Smooth muscle cells (SMCs) in healthy arteries are arranged as a collective. However, in diseased arteries, SMCs commonly exist as individual cells, unconnected to each other. The purpose of this study was to elucidate the events that enable individualized SMCs to enter into a stable and interacting cell collective.Approach and Results—
Human SMCs stimulated to undergo programmed collectivization were tracked by time-lapse microscopy. We uncovered a switch in the behavior of contacting SMCs from semiautonomous motility to cell–cell adherence. Central to the cell-adherent phenotype was the formation of uniquely elongated adherens junctions, up to 60 μm in length, which appeared to strap adjacent SMCs to each other. Remarkably, these junctions contained both N-cadherin and cadherin-11. Ground-state depletion super-resolution microscopy revealed that these hybrid assemblies were comprised of 2 parallel nanotracks of each cadherin, separated by 50 nm. Blocking either N-cadherin or cadherin-11 inhibited collectivization. Cell–cell adhesion and adherens junction elongation were associated with reduced transforming growth factor-β signaling, and exogenous transforming growth factor-β1 suppressed junction elongation via the noncanonical p38 pathway. Imaging of fura-2–loaded SMCs revealed that SMC assemblies displayed coordinated calcium oscillations and cell–cell transmission of calcium waves which, together with increased connexin 43–containing junctions, depended on cadherin-11 and N-cadherin function.Conclusions—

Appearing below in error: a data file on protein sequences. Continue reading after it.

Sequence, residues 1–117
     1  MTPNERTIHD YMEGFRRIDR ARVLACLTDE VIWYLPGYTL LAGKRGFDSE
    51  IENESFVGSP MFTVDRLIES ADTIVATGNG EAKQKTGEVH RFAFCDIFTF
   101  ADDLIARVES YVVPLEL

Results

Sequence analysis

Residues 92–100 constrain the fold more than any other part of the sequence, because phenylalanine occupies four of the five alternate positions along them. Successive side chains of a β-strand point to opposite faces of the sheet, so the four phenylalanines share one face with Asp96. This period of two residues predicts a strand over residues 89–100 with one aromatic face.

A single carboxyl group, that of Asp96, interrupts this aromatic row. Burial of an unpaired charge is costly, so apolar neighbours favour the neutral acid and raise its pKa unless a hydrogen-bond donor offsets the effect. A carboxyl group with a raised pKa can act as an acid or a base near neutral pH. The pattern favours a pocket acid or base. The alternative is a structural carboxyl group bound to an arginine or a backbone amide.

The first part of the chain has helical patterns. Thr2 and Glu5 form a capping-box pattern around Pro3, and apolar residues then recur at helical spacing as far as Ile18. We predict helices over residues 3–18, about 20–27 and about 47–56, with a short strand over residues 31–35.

SMCs can self-organize, structurally and functionally, via transforming growth factor-β–p38–dependent adhesive switching and a novel adherens junction architecture comprised of hybrid nanotracks of cadherin-11 and N-cadherin. The findings define a mechanism for the assembly of SMCs into networks, a process that may be relevant to the stability and function of blood vessels.